MOLSKY’S MOUNTAIN DRIFTERS
Tree Frog Music, No Number
Bruce Molsky has become known as one of the world’s great traditional fiddlers. He is also proficient on banjo, guitar, and vocals. He’s made his name performing solo and in many bands and configurations. His newest band, which he says he is focusing on now, has Allison de Groot on banjo and Stash Wyslouch on guitar. All three sing as well. Allison is also a member of The Goodbye Girls, and Stash may be familiar to some from the Deadly Gentlemen.
The opening number “Across The Plains Of Illinois” was learned from the late Garry Harrison and his daughter Genevieve Koester. It begins with Bruce’s singing and fiddling in the foreground, but the band sound gradually emerges and Stash joins in on harmony. Bruce has recorded the second piece previously, Missourian Art Galbraith’s very crooked and very lovely “The Flowers Of Edinburg.” Here, it gets the full band treatment in a setting borrowed from Mike Bryant. The third cut is John Salyer’s unusual and stirring version of “Barlow Knife.” “Between The Wars” is Billy Bragg’s angry lament on the mistreatment of working people by their government. Next is a medley of West Virginia fiddler Ernie Carpenter’s “Granddad’s Favorite” with Tennessee fiddler Eldia Barbee’s “Flatwoods.” “The Dreary Black Hills” is an a cappella duet by Bruce and Stash which comes from John Lomax’s Cowboy Songs.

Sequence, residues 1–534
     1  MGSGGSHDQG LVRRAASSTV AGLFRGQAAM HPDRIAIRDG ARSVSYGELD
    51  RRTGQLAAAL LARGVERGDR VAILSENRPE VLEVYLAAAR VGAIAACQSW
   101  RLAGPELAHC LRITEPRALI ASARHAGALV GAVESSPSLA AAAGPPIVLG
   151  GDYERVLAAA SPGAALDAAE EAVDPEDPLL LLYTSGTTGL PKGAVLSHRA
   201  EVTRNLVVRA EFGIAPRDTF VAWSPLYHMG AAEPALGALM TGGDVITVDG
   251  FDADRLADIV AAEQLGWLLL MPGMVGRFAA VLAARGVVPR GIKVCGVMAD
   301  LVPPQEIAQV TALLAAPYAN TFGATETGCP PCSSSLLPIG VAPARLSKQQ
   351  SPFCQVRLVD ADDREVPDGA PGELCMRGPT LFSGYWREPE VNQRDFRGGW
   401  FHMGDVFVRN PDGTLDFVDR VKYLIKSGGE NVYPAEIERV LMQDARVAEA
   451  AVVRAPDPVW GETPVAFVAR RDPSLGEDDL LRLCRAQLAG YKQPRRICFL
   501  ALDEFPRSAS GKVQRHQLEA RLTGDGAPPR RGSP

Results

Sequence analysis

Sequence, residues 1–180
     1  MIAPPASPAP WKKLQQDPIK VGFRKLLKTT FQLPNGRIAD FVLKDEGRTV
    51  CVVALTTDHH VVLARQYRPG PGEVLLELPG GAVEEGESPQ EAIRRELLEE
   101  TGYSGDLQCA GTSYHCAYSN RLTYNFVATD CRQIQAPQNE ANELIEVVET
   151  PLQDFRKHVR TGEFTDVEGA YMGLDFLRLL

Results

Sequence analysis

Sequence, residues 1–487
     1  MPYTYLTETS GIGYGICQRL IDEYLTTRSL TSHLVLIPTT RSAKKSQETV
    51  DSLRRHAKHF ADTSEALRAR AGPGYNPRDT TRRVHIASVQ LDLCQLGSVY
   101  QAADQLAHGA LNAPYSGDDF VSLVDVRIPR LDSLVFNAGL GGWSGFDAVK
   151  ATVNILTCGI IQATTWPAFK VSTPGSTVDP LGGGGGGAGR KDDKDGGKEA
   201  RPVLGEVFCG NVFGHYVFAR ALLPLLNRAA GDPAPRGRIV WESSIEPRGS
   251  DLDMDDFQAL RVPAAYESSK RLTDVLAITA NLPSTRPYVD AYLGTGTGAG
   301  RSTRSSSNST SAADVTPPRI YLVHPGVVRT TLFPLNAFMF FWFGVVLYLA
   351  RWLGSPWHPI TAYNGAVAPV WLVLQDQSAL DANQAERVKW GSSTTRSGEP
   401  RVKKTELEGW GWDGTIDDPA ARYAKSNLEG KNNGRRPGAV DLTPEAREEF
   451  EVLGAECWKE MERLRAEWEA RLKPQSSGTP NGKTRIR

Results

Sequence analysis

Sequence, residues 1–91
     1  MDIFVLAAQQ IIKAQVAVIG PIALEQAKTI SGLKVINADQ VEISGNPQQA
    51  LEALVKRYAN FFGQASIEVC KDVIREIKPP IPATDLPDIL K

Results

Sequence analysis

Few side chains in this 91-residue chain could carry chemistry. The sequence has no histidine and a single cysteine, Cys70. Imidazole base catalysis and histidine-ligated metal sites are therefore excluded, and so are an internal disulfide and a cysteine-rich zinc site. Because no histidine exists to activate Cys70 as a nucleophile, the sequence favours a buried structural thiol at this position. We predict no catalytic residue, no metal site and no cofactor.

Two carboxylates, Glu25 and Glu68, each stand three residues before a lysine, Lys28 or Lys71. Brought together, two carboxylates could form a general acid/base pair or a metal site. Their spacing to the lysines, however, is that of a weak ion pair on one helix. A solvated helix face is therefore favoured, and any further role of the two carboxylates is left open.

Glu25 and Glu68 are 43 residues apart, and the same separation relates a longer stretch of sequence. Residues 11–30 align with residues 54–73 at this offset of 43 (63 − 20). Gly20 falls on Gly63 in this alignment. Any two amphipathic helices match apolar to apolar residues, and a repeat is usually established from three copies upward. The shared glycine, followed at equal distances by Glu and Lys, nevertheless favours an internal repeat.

When European settlers arrived in Canada, there were many marriages with indigenous people. Their culturally mixed offspring are called Métis, and they developed a distinctive fiddling style, especially in the Western prairies. The “Métis Set” includes “The Grey Owl,” “The Girl I Left Behind,” and “The Old Reel Of Eight.” “Free A Little Bird” comes from Dykes’ Magic City Trio. The one original tune is Bruce’s “Isambard’s Waltz.” Texas Gladden was the source of “Old Kimball.” “Down The Road Somewhere” is a raggy tune from Texas via Eck Robertson as well as the Massey Family. “The Old Jawbone” dates back to the mid-nineteenth century and is an old-time standard. “Pateroller Tune” comes from the Tennessee African-American trio of Murphy Gribble, John Lusk, and Albert York.
These are three superb musicians at the height of their skills, and this debut CD certainly displays their talents effectively. Each tune and song is meticulously arranged and performed. What higher praise can there be than that? (Tree Frog Music, P.O. Box 729, Beacon, NY 12508, www.mountaindrifters.com.)SAG